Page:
The rise of Salafism in Tunisia

Those thirsty for spiritual fulfillment are increasingly turning to the Saudi brand of Islam.

In his small shop in Kairouan, Waseem offered me a cup of sweet mint tea. Like most Salafis, he sported the signature look: long beard and trousers rolled up above his ankles. The merchant was different from the rest; he didn’t exchange jovial insults, he lowered his gaze whenever a woman passed by and his hospitality verged on the absurd. I couldn’t help asking why Salafis like him were vilified in the Tunisian media. Waseem didn’t smash up bars or threaten to lop off hands in remote villages like they claimed. The truth is, for a post-revolution Tunisia thirsty for unadulterated freedom, Waseem represented the very antithesis of revolution: an austere and uncompromising brand of Islam imported from Saudi Arabia that sought to snuff out its ideals (whatever they were).

While Waseem causes consternation amongst Tunisian liberals, to Western policy makers he is a potential nightmare. The sort of person who resents any form of intervention of the non-believing kind, who given the right conditions, could transform into a mythological arch enemy of the bin Laden variety. Of course, many want to blame Saudi petro-dollars for brainwashing Tunisian youth but the truth is, if anyone’s to blame it’s the previous regime.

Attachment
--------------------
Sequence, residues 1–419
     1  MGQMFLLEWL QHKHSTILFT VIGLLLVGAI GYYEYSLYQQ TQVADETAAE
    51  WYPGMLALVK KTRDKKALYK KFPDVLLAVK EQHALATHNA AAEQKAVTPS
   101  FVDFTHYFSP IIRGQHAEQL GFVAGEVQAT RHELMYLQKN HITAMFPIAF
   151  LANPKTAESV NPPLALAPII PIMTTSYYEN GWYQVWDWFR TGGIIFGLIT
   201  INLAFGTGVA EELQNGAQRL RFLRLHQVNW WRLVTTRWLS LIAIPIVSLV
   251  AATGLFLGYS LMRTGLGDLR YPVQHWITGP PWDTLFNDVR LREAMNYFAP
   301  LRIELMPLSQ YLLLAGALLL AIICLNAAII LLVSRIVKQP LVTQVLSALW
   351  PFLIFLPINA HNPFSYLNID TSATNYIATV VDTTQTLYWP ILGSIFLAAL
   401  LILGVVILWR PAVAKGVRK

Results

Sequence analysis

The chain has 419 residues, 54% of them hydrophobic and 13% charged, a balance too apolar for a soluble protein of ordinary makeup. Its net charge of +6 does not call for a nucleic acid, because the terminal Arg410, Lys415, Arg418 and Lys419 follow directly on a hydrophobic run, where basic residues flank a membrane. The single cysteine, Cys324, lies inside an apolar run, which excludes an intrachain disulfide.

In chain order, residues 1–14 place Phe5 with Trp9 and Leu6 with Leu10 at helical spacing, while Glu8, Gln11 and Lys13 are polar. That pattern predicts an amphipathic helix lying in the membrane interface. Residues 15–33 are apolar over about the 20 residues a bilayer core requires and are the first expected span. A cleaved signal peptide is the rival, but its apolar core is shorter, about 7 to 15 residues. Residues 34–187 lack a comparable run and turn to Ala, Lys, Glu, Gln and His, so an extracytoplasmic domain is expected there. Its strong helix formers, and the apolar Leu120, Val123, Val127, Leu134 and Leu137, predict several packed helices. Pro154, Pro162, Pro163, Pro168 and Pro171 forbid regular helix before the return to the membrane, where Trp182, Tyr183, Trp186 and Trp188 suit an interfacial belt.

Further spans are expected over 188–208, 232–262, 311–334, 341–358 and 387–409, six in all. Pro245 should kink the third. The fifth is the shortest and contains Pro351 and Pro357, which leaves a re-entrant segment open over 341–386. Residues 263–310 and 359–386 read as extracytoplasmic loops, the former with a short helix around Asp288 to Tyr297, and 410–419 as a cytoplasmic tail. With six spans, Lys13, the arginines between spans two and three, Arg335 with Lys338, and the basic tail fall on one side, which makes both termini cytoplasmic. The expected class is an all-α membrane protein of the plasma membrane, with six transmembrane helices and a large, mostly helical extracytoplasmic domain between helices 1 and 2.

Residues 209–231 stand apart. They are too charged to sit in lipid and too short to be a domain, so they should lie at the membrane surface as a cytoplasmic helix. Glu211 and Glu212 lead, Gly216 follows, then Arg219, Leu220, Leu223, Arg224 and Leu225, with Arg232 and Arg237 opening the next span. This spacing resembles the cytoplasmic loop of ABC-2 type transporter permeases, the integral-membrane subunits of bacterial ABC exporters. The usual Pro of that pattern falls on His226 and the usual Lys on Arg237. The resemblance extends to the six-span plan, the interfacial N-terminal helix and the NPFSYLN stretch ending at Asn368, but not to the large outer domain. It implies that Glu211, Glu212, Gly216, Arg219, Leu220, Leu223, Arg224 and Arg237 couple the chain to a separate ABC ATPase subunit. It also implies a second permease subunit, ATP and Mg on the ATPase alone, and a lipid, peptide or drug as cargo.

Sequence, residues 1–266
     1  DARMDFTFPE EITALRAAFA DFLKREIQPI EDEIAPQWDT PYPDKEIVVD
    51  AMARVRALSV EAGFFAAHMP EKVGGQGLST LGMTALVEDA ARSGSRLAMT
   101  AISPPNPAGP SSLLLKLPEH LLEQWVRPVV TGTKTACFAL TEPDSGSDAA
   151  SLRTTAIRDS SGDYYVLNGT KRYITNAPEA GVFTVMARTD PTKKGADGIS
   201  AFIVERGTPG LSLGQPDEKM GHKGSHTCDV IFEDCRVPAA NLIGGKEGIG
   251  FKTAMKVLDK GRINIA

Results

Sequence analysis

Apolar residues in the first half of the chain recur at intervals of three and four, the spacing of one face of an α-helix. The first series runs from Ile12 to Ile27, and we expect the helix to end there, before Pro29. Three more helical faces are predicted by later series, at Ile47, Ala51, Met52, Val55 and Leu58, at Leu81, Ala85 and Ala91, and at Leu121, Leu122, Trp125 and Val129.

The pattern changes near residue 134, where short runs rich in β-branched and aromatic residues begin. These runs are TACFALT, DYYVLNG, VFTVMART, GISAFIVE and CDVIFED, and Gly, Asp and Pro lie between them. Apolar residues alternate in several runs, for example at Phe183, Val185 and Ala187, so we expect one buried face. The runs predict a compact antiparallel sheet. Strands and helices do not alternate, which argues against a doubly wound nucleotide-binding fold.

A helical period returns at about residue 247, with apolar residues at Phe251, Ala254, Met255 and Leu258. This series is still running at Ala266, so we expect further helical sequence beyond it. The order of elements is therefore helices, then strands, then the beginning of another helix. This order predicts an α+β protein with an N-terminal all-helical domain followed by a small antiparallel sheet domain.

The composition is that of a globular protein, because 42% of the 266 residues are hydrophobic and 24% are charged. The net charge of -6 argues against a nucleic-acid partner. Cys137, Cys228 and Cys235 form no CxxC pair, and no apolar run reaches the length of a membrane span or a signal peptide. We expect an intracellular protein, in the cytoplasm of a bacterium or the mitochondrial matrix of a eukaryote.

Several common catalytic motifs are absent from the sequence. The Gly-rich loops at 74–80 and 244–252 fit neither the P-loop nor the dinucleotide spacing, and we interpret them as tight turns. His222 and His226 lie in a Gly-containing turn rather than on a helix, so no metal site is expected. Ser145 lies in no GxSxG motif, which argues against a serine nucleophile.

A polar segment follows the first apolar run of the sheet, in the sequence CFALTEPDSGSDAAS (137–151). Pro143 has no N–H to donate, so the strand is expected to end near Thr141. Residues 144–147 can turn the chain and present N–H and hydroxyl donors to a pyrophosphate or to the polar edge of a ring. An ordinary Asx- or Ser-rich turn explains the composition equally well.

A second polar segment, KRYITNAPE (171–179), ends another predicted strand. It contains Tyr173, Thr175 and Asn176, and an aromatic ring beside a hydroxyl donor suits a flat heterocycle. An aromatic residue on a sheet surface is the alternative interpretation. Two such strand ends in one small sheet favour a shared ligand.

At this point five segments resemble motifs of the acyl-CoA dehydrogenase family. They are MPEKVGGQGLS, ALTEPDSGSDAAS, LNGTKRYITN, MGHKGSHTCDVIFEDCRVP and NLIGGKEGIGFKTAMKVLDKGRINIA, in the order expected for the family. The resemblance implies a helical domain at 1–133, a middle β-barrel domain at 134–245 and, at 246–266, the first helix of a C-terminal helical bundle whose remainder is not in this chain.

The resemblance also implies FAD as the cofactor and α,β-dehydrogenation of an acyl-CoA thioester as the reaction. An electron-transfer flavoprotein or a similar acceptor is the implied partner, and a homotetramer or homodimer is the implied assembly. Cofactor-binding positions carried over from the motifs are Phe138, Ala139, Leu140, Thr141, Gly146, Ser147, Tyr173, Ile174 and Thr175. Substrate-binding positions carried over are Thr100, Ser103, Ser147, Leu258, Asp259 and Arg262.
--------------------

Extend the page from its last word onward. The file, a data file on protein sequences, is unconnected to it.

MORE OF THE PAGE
In 1956, the Tunisian president, Habib Bourguiba, set his newly-independent country on a course to catch up with the West. That meant industrialisation, curtailing the influence of religion and, like he had done himself, embracing French political values. Yet careful not to offend religious sensibilities, he refrained from attacking religion directly. Instead he started to undermine religious institutions like Zeitouna and Kairouan colleges that had played an important role in North African Islam for centuries. Bourguiba appropriated the trusts and charities set up for their upkeep. He subdued Islamic jurisprudence and religious courts so that they followed a French model. Preceding France by fifty years, he declared war on that ‘odious rag’, the veil, and introduced the Personal Status Code that guaranteed the legal status of women. Although the code was essentially a reiteration of Islamic law, its French veneer made the religious institutions appear out of touch. Moreover, with a modern education system taught in French and Arabic, the future rested on secular foundations. It alienated many, as Rashid Ghannoushi, Zeitouna alumni and founder of the Ennahda party says: “We were strangers in our own country; we had been educated as Muslims and Arabs, whilst the country was molded in the French cultural identity”. However, Bourguiba’s popularity was such that the religious classes could not muster enough support to oppose him.